The first step is observing your self-talk. Is the tone positive and happy or negative and disruptive? Look for patterns and triggers. Why are you reacting that way? 

When you are able to develop an awareness of your triggers and the motivations behind them you are better able to manage yourself and prevent them from impacting your decisions, interactions, and motivations. 

When you recognize a negative thought such as anger or frustration, take a deep breathe and an extra second to reassess before you respond. Whats driving your reaction? Whats an appropriate, reasonable response in this situation? 

Self-control is driven by awareness of your inner dialogue. 

4. Test Yourself. 

If you're getting sweaty palms and having flashbacks of your college finals week, don't fret. 

It isn't that type of test. There are no right or wrong answers. Just cool information that makes it easer for you to understand your natural tendencies, strengths and weaknesses through an objective (and scientifically valid) evaluation. It removes biases and provides factual information.

There are several personality and strengths tests that help you better understand yourself. Two of the most well known tests are Myers-Briggs and Predictive Index, both are aimed at helping you understand how you can leverage your unique abilities and tendencies for success. Additionally, he Social Styles Test (my recommendation as an easy starting point) and several tests aimed at helping you determine your introvert/extrovert tendencies. 

Break out the #2 pencils and start the exam. 

5. Ask Others. 

Fear of feedback is a major obstacle to self-awareness. Soliciting feedback from others can be scary - no one wants to hear negative things about themselves. But it is vital to your growth as a leader, if you aren’t able to see yourself as others do your perception and growth will be extremely limited. 

Be vulnerable. Know that you'll be stronger and more capable because of it. 

Seek feedback from people that you trust and respect in different situations. Try asking, "What do you think I did well in that situation? What do you think I could improve on? How did you perceive my commentary and tone?"

Once you have the feedback, take a moment to compare that to your own view of that interaction - are there overlaps or conflicts? What motivated your tone? What can you do differently next time based on that feedback?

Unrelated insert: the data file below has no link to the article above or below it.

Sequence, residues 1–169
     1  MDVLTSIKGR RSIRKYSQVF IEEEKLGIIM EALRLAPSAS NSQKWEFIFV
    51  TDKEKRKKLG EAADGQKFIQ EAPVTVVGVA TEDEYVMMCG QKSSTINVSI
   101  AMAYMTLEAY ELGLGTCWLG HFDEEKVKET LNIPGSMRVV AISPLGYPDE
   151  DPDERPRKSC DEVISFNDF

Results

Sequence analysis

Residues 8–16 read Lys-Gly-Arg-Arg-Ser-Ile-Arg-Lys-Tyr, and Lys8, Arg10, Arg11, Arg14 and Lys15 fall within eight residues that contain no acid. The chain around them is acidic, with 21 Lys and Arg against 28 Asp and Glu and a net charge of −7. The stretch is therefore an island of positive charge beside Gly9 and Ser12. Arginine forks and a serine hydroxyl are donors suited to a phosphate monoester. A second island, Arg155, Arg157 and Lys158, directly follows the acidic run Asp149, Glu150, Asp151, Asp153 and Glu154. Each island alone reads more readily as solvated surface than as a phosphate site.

Build this feedback loop into your routine by constantly soliciting feedback, comparing your perspective to others, thinking about your motivations, and building on your learnings. 

6. Keep a Journal. 

Did your journal habit die when you left 12th grade?

Journaling isn't just for 16 year olds and documenting crushes. 

Brilliant people throughout history - Benjamin Franklin, Thomas Edison, Virginia Wolfe, John D. Rockefeller, Louisa May Alcott, Bob Dylan to name a few, to fuel their success and growth.

Maintaining a journal has a ton of self-awareness benefits. It allows you to identify, process, and understand your feelings. It creates headspace, allowing us to be more mindful and reflective. 

Journaling doesn't have to be all about feelings. 

Consider the "Warren Buffet Method" for decision making for example. Each time he is faced with an important decision, he documents the decision and why he is making it. These entries serve as a record that he goes back over to assess his decisions and how they may inform his future decisions.

Time to dust off those notebooks (or pull out your phone).

A Word Of Caution

When you begin a habit of introspection it can be easy to over analyze yourself and get stuck. Stay balanced to avoid self-obsession (navel gazing). Remember that it's not all about you, its about you and the people around you

Next Steps

Start by building one self-awareness habit into your daily routine. 

Be consistent.

You will experience significant growth.

Self-awareness isn't something that you master and then move on from. It is an on-going journey and any progress forward is a huge accomplishment that should be celebrated.

You're already one step ahead of where you were when you began this article. And you're several steps ahead of many others who are blindly walking through their lives.

Imagine where you'll be a month from now when you are even more self-aware.